Costa Rica

Herbazu Ethiopia 47

Thought-provoking work from the Barrantes Zuñiga family in Tarrazu.

Just before Christmas, we released a special subscription package featuring some very rare lots of coffee. We will now release the final bags of these lots. Very limited stock of both SL28 and Ethiopia 47 varietals, from the Cup of Excellence winning micro-mill Herbazu in Costa Rica. Please note, these coffees were roasted at the end of December, but are just starting to peak now. We hope you enjoy this thought-provoking work from the Barrantes Zuñiga family in Tarrazu.

Costa Rica

Herbazu Ethiopia 47

Rare Microlot

Chocolate, Fig and Lemon

(100g / 3.53oz)

We first visited the Herbazu mill in March 2015, during the same trip where we filmed our ‘Brightness’ movie. The name Herbazu comes from the family name of the brothers who own the mill, Los Hermanos Barrantes Zuñiga. During our first trip we were very impressed by the brothers’ dedication, and incredibly high levels of quality control and sorting. However, what also intrigued us was their experimentation with alternative varietals. This is the first time we’ve bought an isolated Ethiopian varietal from one of our partners in Costa Rica. After being suitably impressed by the Kenyan varietal we purchased from Herbazu last year, we inquired further about their exotic varietals on our visit this year, and were able to cup this, their ‘Ethiopia 47’ varietal. This is one of two varietals that our export partners at Exclusive Coffees are aware of being grown in Costa Rica, the other being ‘Ethiopia 41’. The exact story of how the varietals came to Costa Rica is not known, but they have been classified by Costa Rican research institutes as isolated Ethiopian heirloom varietals and are available to farmers from seed banks. The Zuñiga brothers planted the Ethiopia 47 varietal on their Telia farm and have slowly been able to harvest more and more from their small stock of trees. They have processed this lot using a red honey process, leaving quite a large amount of mucilage on the seeds as they dry, enhancing the sweetness and body of the final cup. The varietal characteristics still shine through however, giving a fresh and herbal edge to the cup, almost eucalyptus-like. Just like Herbazu’s SL28, this is a great example of a coming together of knowledgable farming, an exotic variety, and a region with ideal coffee producing conditions.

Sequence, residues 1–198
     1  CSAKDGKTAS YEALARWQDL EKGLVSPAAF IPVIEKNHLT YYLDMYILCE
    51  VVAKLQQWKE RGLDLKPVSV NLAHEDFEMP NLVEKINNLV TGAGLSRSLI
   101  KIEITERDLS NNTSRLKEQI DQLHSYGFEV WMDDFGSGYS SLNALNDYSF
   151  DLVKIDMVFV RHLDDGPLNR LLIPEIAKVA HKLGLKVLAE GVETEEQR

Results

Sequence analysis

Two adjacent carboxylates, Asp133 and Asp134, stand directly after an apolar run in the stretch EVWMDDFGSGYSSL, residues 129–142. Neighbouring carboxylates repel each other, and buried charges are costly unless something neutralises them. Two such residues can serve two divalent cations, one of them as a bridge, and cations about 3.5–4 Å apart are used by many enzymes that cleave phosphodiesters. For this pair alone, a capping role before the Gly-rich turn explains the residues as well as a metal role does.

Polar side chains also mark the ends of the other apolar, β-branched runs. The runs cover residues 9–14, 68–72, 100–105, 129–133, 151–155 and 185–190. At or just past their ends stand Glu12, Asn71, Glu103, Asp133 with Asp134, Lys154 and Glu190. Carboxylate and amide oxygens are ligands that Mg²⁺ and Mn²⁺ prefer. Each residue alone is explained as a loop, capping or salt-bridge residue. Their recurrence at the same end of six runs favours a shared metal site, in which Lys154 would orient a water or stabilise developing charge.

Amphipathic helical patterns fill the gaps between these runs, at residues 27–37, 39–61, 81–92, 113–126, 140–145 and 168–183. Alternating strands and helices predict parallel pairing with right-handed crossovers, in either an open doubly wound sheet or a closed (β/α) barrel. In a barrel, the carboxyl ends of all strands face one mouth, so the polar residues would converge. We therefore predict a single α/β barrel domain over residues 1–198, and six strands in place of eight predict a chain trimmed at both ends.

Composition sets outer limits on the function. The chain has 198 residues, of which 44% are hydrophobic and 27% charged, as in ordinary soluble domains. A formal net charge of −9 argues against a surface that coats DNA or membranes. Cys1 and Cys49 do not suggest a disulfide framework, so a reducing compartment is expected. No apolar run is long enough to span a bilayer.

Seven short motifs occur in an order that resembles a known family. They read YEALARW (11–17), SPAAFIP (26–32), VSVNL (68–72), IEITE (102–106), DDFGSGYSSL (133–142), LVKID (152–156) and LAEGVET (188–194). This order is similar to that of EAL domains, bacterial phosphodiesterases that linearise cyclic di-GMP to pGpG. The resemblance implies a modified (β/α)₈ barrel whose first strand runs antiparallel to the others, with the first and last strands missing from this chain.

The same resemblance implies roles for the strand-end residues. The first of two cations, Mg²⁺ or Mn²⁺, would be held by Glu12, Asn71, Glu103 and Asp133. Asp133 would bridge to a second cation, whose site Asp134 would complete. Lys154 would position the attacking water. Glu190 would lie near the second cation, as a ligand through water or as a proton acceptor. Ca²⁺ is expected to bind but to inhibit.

The Zuñiga brothers

We believe these experimental lots from Herbazu are successful in showcasing their varietal character in wildly different terroir from their home country. The Zuñiga brothers and their exotic varietals are known throughout Central America, and their dedication to coffee production has led to success in various competitions, including a win in the 2015 Costa Rica Cup of Excellence.